And despite many years in the games industry we all get as excited as little kids when we talk about games, or films or, even better, come across a game we love the look of and think we could do a great job publishing.
How did you end up in games and what’s been your path in the industry so far?
My first proper experience of games was trying to write an educational game for the Sinclair ZX81 in BASIC. It was a maths game (yep, sounds fascinating, I know!) with a space rocket on a gantry. Each time you answered a question correctly, the countdown went down another digit and if you got all 10 right, it was lift off!
Despite many years in the industry, we all get as excited as little kids when we talk about games.Max Everingham
I could never work out how to erase the lower parts of the rocket as it took off, though, so that was the end of my fledgling career as a programmer!
After that though I was hooked! I built a games review website back when most people were saying no-one would ever need or use a personal website or email address, got the attention of some Future Publishing folk who asked me to be a contributor (I was in Japan by then) then went through a career run of Editor of Official Xbox Magazine, Official PlayStation magazine, T3, to PR manager at Codemasters, moving on to various senior brand and business positions at game publishers, to working for the Australian government specialising in counter people smuggling and counter terrorism, through to where I am now.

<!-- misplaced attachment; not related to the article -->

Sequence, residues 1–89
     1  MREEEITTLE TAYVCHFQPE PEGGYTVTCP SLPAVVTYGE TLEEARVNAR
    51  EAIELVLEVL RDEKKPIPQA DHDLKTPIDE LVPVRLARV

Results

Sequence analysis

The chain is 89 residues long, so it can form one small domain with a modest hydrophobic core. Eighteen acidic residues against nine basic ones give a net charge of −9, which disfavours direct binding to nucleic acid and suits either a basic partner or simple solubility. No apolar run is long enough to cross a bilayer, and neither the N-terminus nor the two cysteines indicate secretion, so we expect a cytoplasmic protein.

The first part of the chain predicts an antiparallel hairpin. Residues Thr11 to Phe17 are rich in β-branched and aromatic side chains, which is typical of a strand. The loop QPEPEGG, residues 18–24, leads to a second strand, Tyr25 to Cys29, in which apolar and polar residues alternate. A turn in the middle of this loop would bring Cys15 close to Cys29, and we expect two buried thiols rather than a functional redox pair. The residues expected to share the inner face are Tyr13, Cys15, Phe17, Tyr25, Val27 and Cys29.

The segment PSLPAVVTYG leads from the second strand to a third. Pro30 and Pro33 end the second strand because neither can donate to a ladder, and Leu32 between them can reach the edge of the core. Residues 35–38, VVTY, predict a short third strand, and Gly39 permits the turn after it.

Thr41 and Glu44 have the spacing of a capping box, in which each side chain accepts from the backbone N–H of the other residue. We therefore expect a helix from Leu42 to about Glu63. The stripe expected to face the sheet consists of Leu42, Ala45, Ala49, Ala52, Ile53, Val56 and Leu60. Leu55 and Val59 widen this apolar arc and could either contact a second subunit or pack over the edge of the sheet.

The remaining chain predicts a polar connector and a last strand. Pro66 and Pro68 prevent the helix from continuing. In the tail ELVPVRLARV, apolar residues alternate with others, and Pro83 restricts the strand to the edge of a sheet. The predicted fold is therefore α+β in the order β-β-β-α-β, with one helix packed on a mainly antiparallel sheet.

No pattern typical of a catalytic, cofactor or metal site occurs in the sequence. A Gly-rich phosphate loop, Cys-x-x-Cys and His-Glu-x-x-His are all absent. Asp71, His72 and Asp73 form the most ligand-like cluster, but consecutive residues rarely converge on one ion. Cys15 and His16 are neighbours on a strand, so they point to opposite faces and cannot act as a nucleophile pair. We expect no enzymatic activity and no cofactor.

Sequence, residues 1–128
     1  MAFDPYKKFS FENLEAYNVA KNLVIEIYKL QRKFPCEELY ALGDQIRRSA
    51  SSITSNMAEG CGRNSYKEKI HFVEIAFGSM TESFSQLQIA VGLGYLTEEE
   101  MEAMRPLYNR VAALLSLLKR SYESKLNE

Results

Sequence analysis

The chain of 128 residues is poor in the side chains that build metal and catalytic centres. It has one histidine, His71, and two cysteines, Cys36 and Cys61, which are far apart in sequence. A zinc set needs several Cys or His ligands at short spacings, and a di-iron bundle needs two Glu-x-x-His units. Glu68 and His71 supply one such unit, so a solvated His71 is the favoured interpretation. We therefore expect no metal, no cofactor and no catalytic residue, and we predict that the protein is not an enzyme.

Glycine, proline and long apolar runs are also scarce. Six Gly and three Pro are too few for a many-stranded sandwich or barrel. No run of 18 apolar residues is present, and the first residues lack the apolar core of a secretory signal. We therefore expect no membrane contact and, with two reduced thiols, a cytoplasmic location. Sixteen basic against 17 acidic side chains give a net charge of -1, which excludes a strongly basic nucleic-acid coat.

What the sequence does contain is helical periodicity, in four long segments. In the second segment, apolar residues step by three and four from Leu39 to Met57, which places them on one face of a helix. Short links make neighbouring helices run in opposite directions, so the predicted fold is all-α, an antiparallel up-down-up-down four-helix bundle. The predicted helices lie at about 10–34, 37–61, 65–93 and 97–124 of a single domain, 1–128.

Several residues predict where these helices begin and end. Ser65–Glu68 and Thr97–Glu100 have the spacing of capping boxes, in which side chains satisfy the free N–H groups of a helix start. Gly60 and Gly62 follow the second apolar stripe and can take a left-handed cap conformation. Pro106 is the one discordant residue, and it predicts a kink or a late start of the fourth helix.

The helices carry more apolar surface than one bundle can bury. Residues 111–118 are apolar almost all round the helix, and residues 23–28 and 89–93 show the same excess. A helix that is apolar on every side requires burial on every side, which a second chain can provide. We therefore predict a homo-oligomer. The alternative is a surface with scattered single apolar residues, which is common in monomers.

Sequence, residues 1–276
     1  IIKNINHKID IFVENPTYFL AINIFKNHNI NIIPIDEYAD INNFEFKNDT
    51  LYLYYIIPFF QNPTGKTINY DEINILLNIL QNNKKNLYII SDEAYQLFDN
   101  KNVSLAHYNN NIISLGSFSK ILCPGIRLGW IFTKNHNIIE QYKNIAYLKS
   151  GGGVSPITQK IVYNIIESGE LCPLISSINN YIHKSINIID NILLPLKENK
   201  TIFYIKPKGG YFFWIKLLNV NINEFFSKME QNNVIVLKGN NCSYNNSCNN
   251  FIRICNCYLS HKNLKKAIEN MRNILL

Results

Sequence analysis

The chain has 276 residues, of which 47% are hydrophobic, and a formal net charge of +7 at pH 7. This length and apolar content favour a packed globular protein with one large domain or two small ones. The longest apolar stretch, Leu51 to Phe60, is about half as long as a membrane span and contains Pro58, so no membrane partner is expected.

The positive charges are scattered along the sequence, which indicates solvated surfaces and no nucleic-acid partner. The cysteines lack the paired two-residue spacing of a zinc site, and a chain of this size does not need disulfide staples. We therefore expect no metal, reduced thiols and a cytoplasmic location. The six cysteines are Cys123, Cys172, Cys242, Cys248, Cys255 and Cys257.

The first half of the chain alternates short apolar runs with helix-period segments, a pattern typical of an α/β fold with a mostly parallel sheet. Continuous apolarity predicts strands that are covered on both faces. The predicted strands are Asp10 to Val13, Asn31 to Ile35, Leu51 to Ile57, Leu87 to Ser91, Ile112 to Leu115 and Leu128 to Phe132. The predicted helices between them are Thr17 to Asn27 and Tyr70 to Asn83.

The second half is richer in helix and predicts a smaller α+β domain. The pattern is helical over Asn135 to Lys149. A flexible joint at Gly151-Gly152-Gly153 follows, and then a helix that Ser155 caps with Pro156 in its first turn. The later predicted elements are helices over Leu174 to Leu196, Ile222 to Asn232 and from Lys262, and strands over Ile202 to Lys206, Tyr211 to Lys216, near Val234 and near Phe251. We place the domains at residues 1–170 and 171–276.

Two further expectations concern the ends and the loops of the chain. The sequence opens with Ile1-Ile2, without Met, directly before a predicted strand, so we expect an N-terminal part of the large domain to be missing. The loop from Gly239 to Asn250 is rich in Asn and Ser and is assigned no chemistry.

How does life at Kwalee differ from other companies you’ve worked with?
That one’s easy – the pace! Not for us, but watching what happens on the mobile side of the business makes our collective heads spin on the PC and Console publishing side. The energy, enthusiasm and creativity is incredible, and awe-inspiring.
But there are many other factors too. A senior leadership that is the real deal and are still heavily involved in – and enthused by – making and promoting games, an inclusive, friendly and vibrant work environment full of amazingly talented people working in and hailing from all over the world, and the famed Creative Wednesdays, that truly allow anyone in the company to come up with the next big gaming hit!
What advice would you give to someone wanting to join the games industry?
Do it! But join because you love games, because you want to work with other people that love games and not because you want to make money. If you’re successful and fortunate, the money will come.
Making successful video games is a team effort and everyone can, and should, share in the success. When the tide rises in the harbour, all the boats rise with it.
Be supportive of others in your team and in the company, celebrate their successes because their achievements don’t threaten or diminish your own. Apologies there to Tim Minchin, but he is right.
If you’re developing a game for PC and console platforms and would like to contact Max’s team about publishing it, you can do so here on our PC & Console page. You can also explore current vacancies in our PC & Console team here on our jobs page.